The Hawaii United Okinawa Association is back for the 41st Okinawan Festival on Saturday, Sept. 2 and Sunday, Sept. 3 at the Hawai‘i Convention Center. The festival continues to be one the largest ethnic festivals in the state of Hawai‘i, drawing in over 50,000 people from all over the world. This year’s theme is “Sharing Uchinanchu Aloha.”

As a family-oriented cultural event, the Okinawan Festival showcases Hawai‘i’s multiethnic culture and invites locals and visitors alike to join in the festivities featuring Okinawan music and performing arts, cultural education, arts and crafts, historical exhibits, craft vendors, genealogy research, Okinawan-themed children’s games and, of course, food booths with Okinawan cuisine and local favorites such as andagiandadog and Okinawa soba. Entertainment from local performing arts groups will fill both days of the festival with Okinawan dance, karate, taiko and live music.

Proceeds from the Okinawan Festival support the HUOA and its many cultural programs including classes, genealogy resources, the Hawai‘i-Okinawa Student Exchange Program, Children’s Cultural Day Camp, community service projects and much more.

The Okinawan Festival is sponsored by CPB Foundation, Hawaii Tourism Authority, City & County of Honolulu, Oahu Visitors Bureau, Zippy’s, Island Insurance, Rainbow Drive-In, Sun Noodle, Hawaii Gas, Don Quijote, JTB Hawaii, WCIT/Gushiken Architecture, Zeyphr Insurance, Kaimana Beach Hotel Waikiki, Koa Restoration and Maintenance, Y. Hata & Co. Ltd., Hawaiian Telcom, KHON2 and many more community partners.

Read below for HUOA’s guide to the Okinawan Festival (subject to change). For the most up-to-date information, please visit


Saturday, Sept. 2

Early admission: 9 to 10 a.m.

Live entertainment: 10 a.m. to 5 p.m.

Bon Dance: 5:30 to 9 p.m. (Only andagi, andadog, Okinawan soba and bento will be served during bon dance, while supplies last)

Sunday, Sept. 3

Early admission: 9 to 10 a.m.

Live entertainment: 10 a.m to 4 p.m.


Early Admission

Beat the lines to get your festival favorites first. Festival foods, T-shirts, country store, Heiwa Dori and more! Available pre-sale online only (credit/debit card) at Quantities are limited; while supplies last.

Single-day early admission: 9 a.m. to 10 a.m.

  • Adults: $15
  • Seniors (65 and over): $10
  • Children (12 and under): Free

Two-day early admission: valid for early admission for both days, 9 a.m. to 10 a.m.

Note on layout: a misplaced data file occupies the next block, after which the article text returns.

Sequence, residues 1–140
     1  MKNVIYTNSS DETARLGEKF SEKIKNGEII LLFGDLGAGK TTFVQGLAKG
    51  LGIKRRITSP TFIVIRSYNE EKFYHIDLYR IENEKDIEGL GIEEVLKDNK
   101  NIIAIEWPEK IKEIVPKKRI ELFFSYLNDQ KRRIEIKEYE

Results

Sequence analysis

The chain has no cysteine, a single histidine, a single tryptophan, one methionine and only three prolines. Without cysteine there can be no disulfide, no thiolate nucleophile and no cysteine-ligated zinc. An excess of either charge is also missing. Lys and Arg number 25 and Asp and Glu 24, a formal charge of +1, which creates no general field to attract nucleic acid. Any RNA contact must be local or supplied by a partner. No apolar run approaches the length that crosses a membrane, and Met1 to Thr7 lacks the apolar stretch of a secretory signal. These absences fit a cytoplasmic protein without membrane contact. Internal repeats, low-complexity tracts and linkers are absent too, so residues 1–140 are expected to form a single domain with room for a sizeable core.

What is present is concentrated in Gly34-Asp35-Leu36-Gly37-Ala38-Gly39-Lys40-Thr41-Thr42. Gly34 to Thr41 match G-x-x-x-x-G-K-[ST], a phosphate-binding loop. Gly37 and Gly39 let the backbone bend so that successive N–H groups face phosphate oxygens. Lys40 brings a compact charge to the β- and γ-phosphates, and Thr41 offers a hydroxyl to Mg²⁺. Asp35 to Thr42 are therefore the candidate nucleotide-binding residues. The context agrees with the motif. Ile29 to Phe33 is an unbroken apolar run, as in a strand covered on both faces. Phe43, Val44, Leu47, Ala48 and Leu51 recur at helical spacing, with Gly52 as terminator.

• Adults: $25 ($30 value)
  • Seniors (65 and over): $15 ($20 value)
  • Children (12 and under): Free

General Admission

Tickets available online (credit/debit card) at and at the door, while supplies last.

Single-day general admission: 10 a.m. to 4 p.m.

  • Adults: $10
  • Seniors (65 and over): $5
  • Children (12 and under): Free

Two-day general admission (valid for general admission only)

  • Adults: $16 ($20 value)
  • Seniors (65 and over): $8 ($10 value)
  • Children (12 and under): Free


  • Hawaii Convention Center, $15 per entry (no overnight or in/out). Limited drop-off and pick- up area fronting the entrance on Atkinson Dr.
  • Additional parking at Ala Moana Shopping Center (any level on the east side of the center near Ala Moana Hotel, fees vary. Scan QR code available in the parking lot; use discount code “HCC22” for a 50% discount.
  • Additional free parking at the Civic Center Municipal Parking, 346 Alapai St. (enter on Beretania) with shuttle service to the Hawaii Convention Center.
  • Shuttle pick-up from Alapai Transfer Station (across the street from Civic Center Municipal Parking).
  • $3 round trip (collected upon return); purchase shuttle tickets from the Information Booth in the Exhibit Hall.
  • Shuttle hours: Saturday, Sept. 2; 7 a.m. – 9:30 p.m. and Sunday, Sept. 3; 7 a.m. to 5:30 p.m.



The biggest change this year is that the entire Okinawan Festival will be all on the first floor this year the entire first floor of the Convention Center!


One of the most important parts of the Okinawan Festival is the food. This year’s food booths include: andagi, andadog, champuru plate, chili and rice, chili frank plate, oki dog, Okinawa soba, pig’s feet soup (available Saturday all day and Sunday until noon), yakisoba, yakitori stick, yakitori bento and steamed Okinawa sweet potato. Coffee will be available at the andagi booth. Bottled drinks will be available at each of the food booths. (See The Okinawan Food Experience for more detail on the food.)

Entertainment at last year’s Okinawan Festival. (Photo by Cora Hiranaka) Entertainment (main stage)

We are so fortunate to have an Okinawan community in Hawai‘i that is thriving with cultural practitioners and performing artists. In addition, we will have special guest performers from Okinawa and the continental U.S. as well. You will see every generation from local keiki to kūpuna on stage performing traditional dance, music, taiko drums, karate and more.

But there will be other genres of music to enjoy such as a saxophone quartet, Ukulele Hale and, on Saturday evening, the highly anticipated Bon Dance that includes other Japanese groups from our community. And this year, special guest performers from Okinawa include the popular Aimamire group and Naha Izumizaki Hatagashira. On Saturday afternoon, ukulele virtuoso Jake Shimabukuro will make a special appearance.

Lastly, The largest indoor Bon Dance will be held only on Saturday night from 5:30 to 9:00 p.m.

Country Store (Machi-Gwa)